Welcome to week 3!
This week, we’re going to explore protein — why it’s so important for our health and why we should eat it to help with exercise recovery.
Protein is a macronutrient meaning it’s one of the nutrients that we need in larger amounts than other nutrients.
We need it to support our muscle growth, development and repair. It’s also essential for the structures of basic tissues which form our skin, hair and nails and to produce chemicals in the body such as enzymes and hormones.
We often think about protein in relation to building muscle and gaining strength, and the classes in your Movement Master plan develop muscular strength and stability, as well as flexibility. Even after lower impact classes such as Pilates and yoga, your muscle fibres need protein to repair.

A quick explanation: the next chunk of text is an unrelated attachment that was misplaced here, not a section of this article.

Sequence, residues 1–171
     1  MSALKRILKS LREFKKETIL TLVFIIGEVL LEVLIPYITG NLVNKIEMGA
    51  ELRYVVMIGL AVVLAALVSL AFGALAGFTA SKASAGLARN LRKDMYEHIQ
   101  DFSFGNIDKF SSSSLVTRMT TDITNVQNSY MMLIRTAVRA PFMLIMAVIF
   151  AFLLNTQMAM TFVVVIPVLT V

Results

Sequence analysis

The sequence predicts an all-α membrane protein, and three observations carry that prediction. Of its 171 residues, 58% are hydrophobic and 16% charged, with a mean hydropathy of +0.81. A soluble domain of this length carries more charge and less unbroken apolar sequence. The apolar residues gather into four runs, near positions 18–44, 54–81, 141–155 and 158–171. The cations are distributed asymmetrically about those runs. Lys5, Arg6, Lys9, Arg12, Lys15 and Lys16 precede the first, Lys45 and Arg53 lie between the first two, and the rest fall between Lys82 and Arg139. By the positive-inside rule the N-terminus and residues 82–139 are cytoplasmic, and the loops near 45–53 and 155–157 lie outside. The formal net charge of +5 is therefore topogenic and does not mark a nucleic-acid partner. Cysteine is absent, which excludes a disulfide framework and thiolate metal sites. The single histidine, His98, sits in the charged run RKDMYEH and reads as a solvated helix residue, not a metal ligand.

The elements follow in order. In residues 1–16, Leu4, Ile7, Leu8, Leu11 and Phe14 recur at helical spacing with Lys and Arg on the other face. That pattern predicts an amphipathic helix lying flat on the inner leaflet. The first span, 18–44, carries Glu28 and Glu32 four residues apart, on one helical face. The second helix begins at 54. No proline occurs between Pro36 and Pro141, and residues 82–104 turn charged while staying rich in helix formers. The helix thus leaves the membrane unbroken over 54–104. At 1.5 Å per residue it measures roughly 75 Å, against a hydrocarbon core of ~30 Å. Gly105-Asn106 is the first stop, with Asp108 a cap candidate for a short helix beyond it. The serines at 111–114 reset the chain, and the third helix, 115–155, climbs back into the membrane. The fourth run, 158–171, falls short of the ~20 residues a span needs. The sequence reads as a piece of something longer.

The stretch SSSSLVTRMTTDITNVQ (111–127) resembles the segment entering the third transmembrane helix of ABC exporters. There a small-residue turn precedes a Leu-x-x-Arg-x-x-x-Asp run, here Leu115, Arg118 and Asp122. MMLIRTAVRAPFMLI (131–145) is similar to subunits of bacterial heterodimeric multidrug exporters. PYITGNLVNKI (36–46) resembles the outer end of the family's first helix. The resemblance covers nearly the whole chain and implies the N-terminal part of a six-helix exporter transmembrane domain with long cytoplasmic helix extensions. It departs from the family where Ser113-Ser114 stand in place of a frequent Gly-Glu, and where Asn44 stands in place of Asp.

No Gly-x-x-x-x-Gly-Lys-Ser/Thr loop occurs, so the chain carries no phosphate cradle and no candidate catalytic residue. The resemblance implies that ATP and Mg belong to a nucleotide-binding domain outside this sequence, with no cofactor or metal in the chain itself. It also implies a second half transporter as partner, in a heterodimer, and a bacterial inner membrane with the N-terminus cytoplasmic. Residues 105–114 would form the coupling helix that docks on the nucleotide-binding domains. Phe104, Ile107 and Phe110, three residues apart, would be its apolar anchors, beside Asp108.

How much is enough?
As a guideline, make sure you’re enjoying around 10-15g protein in the meals after your class, but don’t stress too much, as it’s easy to get quality protein into your diet. You don’t need load up on 20g protein shakes (unless it’s a convenience thing). The average person needs around 1g per kg body weight, so someone who weighs 70kgs will need 70g a day.
We recommend getting your protein from good quality animal products such as meat, fish, eggs and dairy, or plant sources such as whole grains, beans, lentils, nuts and seeds.
If you’re vegan/ on a plant-based diet, you may often hear that it’s hard to get enough protein — but the suggested one day meal plan below will show you how it’s done!
Breakfast: Quinoa porridge (made with almond milk) and topped with berries = 13.2g protein
Snack: 30g roasted bean mix = 8g protein
Lunch: Hummus, roasted vegetable and falafel wrap = 15g protein
Snack: 1 serving peanut butter (15g) on 2 oat cakes or spread on an apple = 6.5g
Dinner: Mixed bean goulash served over cooked buckwheat = 27.6g per serving
Total protein intake: 70.3g
It really is as simple as that. Focus on whole, good quality foods and you shouldn’t have a problem hitting your protein needs. More next week!